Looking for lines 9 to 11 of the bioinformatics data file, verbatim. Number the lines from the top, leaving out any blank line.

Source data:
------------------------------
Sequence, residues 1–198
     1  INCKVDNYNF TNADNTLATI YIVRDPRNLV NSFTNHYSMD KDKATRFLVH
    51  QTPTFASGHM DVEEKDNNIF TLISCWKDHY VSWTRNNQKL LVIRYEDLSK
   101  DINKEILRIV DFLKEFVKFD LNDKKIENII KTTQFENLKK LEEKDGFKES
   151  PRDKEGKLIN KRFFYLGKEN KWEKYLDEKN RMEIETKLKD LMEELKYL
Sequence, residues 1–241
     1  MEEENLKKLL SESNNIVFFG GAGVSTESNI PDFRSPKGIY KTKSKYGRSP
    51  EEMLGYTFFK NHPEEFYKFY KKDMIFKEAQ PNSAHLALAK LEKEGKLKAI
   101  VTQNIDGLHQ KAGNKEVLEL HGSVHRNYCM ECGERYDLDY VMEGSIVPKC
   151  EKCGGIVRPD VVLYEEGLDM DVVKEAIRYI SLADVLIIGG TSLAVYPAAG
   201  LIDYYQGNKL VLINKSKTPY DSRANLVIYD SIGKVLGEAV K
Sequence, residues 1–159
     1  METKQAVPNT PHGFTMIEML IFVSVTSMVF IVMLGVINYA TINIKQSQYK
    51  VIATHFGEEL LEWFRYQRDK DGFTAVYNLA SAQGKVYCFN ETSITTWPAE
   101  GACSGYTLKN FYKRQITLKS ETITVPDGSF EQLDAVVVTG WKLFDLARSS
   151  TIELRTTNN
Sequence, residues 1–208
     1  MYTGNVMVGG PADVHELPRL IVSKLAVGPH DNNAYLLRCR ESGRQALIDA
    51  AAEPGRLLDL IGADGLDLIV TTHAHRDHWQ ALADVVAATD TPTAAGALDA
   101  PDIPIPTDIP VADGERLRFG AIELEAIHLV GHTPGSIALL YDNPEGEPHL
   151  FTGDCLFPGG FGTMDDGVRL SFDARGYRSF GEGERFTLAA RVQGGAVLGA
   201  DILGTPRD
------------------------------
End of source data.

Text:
   101  VTQNIDGLHQ KAGNKEVLEL HGSVHRNYCM ECGERYDLDY VMEGSIVPKC
   151  EKCGGIVRPD VVLYEEGLDM DVVKEAIRYI SLADVLIIGG TSLAVYPAAG
   201  LIDYYQGNKL VLINKSKTPY DSRANLVIYD SIGKVLGEAV K